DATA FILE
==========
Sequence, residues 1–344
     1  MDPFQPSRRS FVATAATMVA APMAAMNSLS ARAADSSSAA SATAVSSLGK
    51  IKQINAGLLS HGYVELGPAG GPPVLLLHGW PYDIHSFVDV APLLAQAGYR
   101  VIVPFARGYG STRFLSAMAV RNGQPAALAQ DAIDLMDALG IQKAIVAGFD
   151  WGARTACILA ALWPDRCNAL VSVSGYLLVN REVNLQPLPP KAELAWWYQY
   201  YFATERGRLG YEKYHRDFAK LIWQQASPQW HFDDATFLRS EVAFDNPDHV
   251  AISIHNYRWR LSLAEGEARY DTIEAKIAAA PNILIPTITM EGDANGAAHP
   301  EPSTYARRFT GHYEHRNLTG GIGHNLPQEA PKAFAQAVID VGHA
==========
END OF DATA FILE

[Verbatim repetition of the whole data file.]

Sequence, residues 1–344
     1  MDPFQPSRRS FVATAATMVA APMAAMNSLS ARAADSSSAA SATAVSSLGK
    51  IKQINAGLLS HGYVELGPAG GPPVLLLHGW PYDIHSFVDV APLLAQAGYR
   101  VIVPFARGYG STRFLSAMAV RNGQPAALAQ DAIDLMDALG IQKAIVAGFD
   151  WGARTACILA ALWPDRCNAL VSVSGYLLVN REVNLQPLPP KAELAWWYQY
   201  YFATERGRLG YEKYHRDFAK LIWQQASPQW HFDDATFLRS EVAFDNPDHV
   251  AISIHNYRWR LSLAEGEARY DTIEAKIAAA PNILIPTITM EGDANGAAHP
   301  EPSTYARRFT GHYEHRNLTG GIGHNLPQEA PKAFAQAVID VGHA